FOOD

Food for Thought

The best part of the feast? Leftovers

I give up.

Resistance is futile, a waste of energy.

There is no way I can avoid cooking a traditional Thanksgiving dinner, short of being taken to the ICU, or worse. At the least, I must produce a meal as close to a traditional Thanksgiving dinner as I care to get. It is, after all, the most boring meal in the standard repertoire, its centerpiece a mutant creature with gigantic breasts eerily reminiscent of those sported by surgically-altered pole dancers. Odd that we overeat, eh ?

I stick close to the tradition, inspired by fear. If I dare suggest that I am going to do “something different” with the ingredients, or hint that I want to “put a twist” on the menu, the browbeating begins. Members of the family gang up on me.

The horror.

I can‘t take it; I am too old to resist, so this year I give up the ghost. I surrender without a fight.

Never again will I try to evade this duty. I march to the kitchen, head bowed, to meet my depressing food fate. Not even the prospect of making gravy buoys my spirits.

I have come to grips with the fact that I have to reserve creativity … for the leftovers.

If there is one thing that rings universal about the Thanksgiving dinner, it is that there are leftovers. Plenty of ’em. One awakes the morning after the “feast” to discover a fridge packed with remnants enough to fuel a rugby team. And, generally, just enough protein to provide balance in at least two outings.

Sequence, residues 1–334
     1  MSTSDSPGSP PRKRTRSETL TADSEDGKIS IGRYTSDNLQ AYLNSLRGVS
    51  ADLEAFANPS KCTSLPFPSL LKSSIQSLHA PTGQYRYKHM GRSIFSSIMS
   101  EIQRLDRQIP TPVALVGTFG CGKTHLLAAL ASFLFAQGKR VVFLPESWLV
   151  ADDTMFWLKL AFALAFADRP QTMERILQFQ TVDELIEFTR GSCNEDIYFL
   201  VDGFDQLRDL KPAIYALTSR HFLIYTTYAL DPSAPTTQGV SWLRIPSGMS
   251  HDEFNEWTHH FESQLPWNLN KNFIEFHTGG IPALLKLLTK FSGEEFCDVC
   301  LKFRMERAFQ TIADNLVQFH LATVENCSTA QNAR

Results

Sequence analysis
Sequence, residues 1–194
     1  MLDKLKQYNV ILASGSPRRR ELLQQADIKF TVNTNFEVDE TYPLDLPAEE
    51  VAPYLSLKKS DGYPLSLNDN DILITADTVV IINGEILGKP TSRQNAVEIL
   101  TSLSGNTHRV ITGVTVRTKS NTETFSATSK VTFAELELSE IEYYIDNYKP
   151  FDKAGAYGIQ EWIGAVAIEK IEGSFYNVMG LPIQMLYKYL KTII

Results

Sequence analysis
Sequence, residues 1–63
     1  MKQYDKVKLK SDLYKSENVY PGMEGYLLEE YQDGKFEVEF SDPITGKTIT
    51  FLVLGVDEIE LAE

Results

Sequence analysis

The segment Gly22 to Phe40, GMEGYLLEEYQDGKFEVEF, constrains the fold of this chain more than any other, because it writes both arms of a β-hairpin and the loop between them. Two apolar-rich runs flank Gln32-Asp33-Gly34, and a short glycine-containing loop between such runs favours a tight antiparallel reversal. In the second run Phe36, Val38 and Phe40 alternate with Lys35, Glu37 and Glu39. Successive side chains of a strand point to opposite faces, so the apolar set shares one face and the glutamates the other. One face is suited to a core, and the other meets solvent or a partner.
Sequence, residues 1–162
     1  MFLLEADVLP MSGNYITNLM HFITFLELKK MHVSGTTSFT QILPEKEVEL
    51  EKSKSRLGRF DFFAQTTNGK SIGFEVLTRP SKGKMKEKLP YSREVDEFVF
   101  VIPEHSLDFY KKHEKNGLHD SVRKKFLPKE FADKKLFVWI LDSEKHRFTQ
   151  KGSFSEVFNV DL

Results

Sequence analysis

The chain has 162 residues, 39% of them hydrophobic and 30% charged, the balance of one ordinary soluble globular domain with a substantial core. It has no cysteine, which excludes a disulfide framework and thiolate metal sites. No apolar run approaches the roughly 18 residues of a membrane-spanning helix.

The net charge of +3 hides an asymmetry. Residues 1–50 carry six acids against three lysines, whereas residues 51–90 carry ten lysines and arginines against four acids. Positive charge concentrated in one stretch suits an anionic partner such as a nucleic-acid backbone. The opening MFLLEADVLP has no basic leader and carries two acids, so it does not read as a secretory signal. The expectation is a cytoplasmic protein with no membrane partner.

So, I have adjusted my concept of Thanksgiving dinner: it is now merely a labor-intensive way to produce leftovers that, in turn, can be used as ingredients in something worth eating.

The leftover production process begins when my daughter, Ivy, jumps into the kitchen with me at about 10 a.m., doing her part to make a 6 p.m. meal happen. She’s good in the kitchen, a superb cook; she more than pulls her weight.

Kathy tended to the desserts the night before, staying up to 1 a.m. to put out three options — all great: a spectacular lemon brulée tart, a deep almond/cranberry tart, and a pumpkin pie, from scratch, that is to die for (and I can’t stand pumpkin pie).

I’ve purchased a turkey. It hurt to do it.

I prepare the disgusting creature for roasting. I have a stuffing ready to go, with hot, Italian sausage to bolster the otherwise bland mix of toasted, large croutons, herbs, onion, garlic, egg and broth. I sauté shaved Brussels sprouts with shallot and pancetta, steaming the blend to a finish, and put together a corn and red pepper medley. I assemble a salad of mesclun and tomatoes, with a simple garlic/mustard vinaigrette.

Ivy cowboys up with her muscular, twice-baked potatoes — the fluffy innards dolled up with plenty of butter, cream and white cheddar, the tops of the massive spuds graced with bits of crispy bacon. She also powers through with mashed sweet potatoes, amped up with roasted, hot Hatch green and maple syrup. We have gravy, we have fresh-baked rolls.

For nibbles prior to the meal, there’s a wedge of Cotswold and a slab of runny Brie.

Wine?

You betcha: Zin and Pinot Noir — compliments of the guests.

We have enough chow for 20 people.

More than twice the number invited.

So, we have leftovers; the meal is a success.

We send a plate piled with stuff home with each guest, and the fridge is still crammed with bowls and containers and foil-wrapped packs of debris.

What to do?

First: Don’t panic. Everything (except the wilted, dressed greens) is usable.

Second: Take heart — nearly everything gains in flavor with a day or two in the cooler.

An option: Toss the turkey carcass in a soup pot, crack the big bones open with a hammer, make a flavorful stock.

Another option: Reject the first option. I am not a soup type of guy and, though a turkey stock — the flavor enhanced by aromatics — is delicious, after a glass or three of wine, I tend to spill